|Nothing to Crowe about, but worth seeing|
Before he was the "Gladiator,"
Russell Crowe fought the ice wars in ...
Reviewed by Carlos deVillalvilla
(Click on the images to see larger version and credits.)
From TV's current flavor of the month David E. Kelley comes the town of Mystery, a small settlement amid the magnificent scenery of Alaska. There isn't much to do there, so an awful lot of fornicating goes on. There is also a weekly hockey game that involves the young men of the town playing against one another on the town pond. The wide open space of the pond breeds tremendous skaters, guys who take flight on ice.
It also attracts the attention of Sports Illustrated writer Charlie Danner (Hank Azaria), who is actually an ex-townie who was never well-liked. He calls them the best pond-hockey players in the world, and arranges a game with the NHL's New York Rangers (like that would happen). And, predictably, this energizes the town and it's somewhat quirky inhabitants.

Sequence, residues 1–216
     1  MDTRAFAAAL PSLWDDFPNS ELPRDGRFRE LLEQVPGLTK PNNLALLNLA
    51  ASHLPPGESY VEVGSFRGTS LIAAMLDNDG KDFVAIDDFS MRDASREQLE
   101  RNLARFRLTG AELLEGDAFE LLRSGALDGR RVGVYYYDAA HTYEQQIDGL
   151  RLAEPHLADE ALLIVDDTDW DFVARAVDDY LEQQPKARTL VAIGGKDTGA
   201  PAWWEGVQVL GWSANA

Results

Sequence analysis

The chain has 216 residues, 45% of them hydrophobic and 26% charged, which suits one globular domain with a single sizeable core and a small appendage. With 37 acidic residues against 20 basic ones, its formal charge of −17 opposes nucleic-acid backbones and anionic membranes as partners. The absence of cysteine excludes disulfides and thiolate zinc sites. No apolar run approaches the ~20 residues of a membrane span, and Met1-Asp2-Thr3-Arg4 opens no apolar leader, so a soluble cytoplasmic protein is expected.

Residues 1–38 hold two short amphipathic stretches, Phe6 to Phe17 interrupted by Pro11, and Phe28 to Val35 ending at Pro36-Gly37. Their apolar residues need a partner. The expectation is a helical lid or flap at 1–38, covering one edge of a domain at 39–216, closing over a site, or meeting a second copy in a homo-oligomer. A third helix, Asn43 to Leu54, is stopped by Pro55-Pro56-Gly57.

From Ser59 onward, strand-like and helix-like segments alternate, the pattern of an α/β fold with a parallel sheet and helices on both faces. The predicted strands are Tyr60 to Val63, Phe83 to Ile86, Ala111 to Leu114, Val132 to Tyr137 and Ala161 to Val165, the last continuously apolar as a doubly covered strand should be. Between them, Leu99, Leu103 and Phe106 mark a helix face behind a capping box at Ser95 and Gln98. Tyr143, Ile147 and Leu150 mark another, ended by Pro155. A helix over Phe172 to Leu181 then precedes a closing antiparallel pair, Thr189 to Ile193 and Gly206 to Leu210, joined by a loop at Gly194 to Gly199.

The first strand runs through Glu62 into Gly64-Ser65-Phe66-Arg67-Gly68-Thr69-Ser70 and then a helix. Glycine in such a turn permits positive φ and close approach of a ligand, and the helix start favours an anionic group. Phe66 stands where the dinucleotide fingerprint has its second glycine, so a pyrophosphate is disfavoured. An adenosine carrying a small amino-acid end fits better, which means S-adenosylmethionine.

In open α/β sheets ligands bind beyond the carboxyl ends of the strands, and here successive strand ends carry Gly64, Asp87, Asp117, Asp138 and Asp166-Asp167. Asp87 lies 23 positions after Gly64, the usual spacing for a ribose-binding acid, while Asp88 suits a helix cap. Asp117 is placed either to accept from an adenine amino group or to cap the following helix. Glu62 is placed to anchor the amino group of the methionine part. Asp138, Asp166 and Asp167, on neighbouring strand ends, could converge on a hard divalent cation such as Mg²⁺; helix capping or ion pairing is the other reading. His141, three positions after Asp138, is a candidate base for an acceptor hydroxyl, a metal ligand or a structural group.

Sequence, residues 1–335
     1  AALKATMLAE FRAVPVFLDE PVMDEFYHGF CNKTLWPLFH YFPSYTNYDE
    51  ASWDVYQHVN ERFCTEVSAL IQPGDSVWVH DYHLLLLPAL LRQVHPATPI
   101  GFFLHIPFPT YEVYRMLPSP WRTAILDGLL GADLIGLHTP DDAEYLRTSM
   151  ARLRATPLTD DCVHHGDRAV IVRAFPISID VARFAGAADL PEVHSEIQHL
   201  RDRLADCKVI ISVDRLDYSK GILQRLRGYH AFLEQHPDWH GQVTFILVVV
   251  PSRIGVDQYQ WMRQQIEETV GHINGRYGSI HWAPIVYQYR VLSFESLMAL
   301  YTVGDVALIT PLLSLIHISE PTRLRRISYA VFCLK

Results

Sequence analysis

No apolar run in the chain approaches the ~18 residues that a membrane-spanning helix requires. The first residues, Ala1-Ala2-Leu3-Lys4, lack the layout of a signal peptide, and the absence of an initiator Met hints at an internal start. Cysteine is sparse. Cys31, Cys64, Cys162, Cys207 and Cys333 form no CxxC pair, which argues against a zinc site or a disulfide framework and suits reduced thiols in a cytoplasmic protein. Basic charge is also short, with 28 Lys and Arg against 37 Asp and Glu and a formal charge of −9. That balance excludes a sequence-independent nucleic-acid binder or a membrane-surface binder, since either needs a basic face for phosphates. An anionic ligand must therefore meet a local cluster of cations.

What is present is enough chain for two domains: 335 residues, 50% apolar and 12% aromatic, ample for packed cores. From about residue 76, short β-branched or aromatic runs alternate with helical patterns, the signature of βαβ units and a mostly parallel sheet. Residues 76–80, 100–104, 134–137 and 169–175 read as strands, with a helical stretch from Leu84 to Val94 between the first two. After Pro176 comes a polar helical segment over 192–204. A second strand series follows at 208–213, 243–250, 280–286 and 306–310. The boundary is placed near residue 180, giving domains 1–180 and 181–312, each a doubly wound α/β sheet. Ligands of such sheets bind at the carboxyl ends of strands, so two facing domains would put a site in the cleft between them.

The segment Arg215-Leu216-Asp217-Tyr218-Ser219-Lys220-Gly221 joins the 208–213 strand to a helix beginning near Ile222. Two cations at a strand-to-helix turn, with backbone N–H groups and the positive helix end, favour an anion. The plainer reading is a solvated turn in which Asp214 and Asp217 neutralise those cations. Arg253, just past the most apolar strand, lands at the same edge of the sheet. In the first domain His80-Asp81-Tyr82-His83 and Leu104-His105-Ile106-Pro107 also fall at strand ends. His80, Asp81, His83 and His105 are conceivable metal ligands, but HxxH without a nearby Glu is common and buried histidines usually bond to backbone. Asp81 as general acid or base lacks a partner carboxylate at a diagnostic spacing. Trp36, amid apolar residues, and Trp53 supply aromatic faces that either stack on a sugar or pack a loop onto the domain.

There's the passionate, but somewhat befuddled lawyer (Maury Chaykin) who sits on the town's hockey committee, and loves Mystery perhaps more than anyone else. There's the crusty but good-hearted mayor (Colm Meaney). There's the curmudgeonly judge who wants nothing to do with the game (Burt Reynolds). There's also the libidinous defenseman (Ron Eldard) who has more cojones than sense. Finally, there's Sheriff John Biebe (Russell Crowe), who is a veteran of the Saturday game recently demoted, now the reluctant coach of the team.
The success of "Mystery, Alaska" lies in creating a mood, and that is done rather well. Take away the unbelievable scenario and the sports-film cliches and you'd have a mighty good movie. Those obstacles, alas, are too difficult to overcome and this becomes just a pretty good movie.
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See cast, credit and other details about "Mystery, Alaska" at Internet Movie Data Base.